Another common thread (so to speak) is the small/short backneck measurement. That's the distance from the center backseam to the shoulder seam. A short backneck (on each side) results in extra fullness over the shoulder blades, allowing for greater freedom of movement, and also is THE major cause of keeping a collar glued to the neck. Frankly, I don't know why all tailors don't do this. The tell-tale sign, BTW, is the angled shoulder seam. It won't travel in a straight line from the neck to the sleeve, bisecting your body, but will angle down toward the back of the coat.
All my A&S-inspired suits stay glued to the neck far better than others, and also are easier to move in. I can pretty much move my arms in any direction and the collar will not lift.
Stylistically, they are known for widish, bellied lapels, and peaks that rake up dramatically. One or two darts, sidebodies rarely (if ever), and front darts to the bottom, never.
Shoulders will be un- or lightly padded. Wadding at the sleevehad is typical, which when paired with the open seam gives a very slight roping effect in the coat's early years. Shoulders are also typically extended a hair (1/4" to 1/2"). Given the softness of the construction, the shoulder tends to "break down" over time and eventually fall over the delt with wear.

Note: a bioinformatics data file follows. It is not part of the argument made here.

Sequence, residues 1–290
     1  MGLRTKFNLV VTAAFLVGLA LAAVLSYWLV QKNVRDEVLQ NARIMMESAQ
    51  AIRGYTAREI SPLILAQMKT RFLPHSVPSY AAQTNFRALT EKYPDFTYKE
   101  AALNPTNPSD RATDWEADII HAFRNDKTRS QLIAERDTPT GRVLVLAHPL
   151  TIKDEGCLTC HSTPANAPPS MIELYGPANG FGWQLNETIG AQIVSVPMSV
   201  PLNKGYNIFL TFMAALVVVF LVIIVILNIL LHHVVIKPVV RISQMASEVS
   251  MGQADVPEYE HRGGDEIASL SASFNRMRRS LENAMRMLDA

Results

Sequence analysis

I have found (through somewhat limited) experience that these guys have a tremendous track record at getting the balance right from the get-go. They may not make the most shapely coats, and certainly not the leanest, but the balance is perfect. An A&S customer friend of mine reports the same of John Hitchcock, and from what I have seen of his coats, he is right.
My major complaint about the cut is that these guys typically do the buttoning point too low (and sometimes the gorge as well). Getting them to raise it is essential for me.
As to the actual tailors discussed, I have one suit from S. Hitchcock. Despite what the obsessive stalkers at FNB.com will say, the suit's balance is perfect, and it fits very well after some necessary alterations (which Steven himself admitted were necessary, and performed himself). The shape is OK, but very loose compared to the others. I don't find it as soft as my others, and the sewing leaves a lot to be desired. That's one suit, so YMMV.
My Steed stuff is from when Thomas and Edwin were partners. It is very wasp-waisted, and the chest is more swelled than draped. It is well made, but far from the best stuff I have seen or own. Ultimately, the cut was just a bit too flamboyant for me.
This to me represents A&S/Scholte at its best:
NB: the skirt looks fuller than it is because my raised arm, holding the camera, is causing it to lift. It's much trimmer normally. Not as trim as what we have seen from Rubinacci, but not at all flared.
I just got a new SB jacket, but I don't have my camera.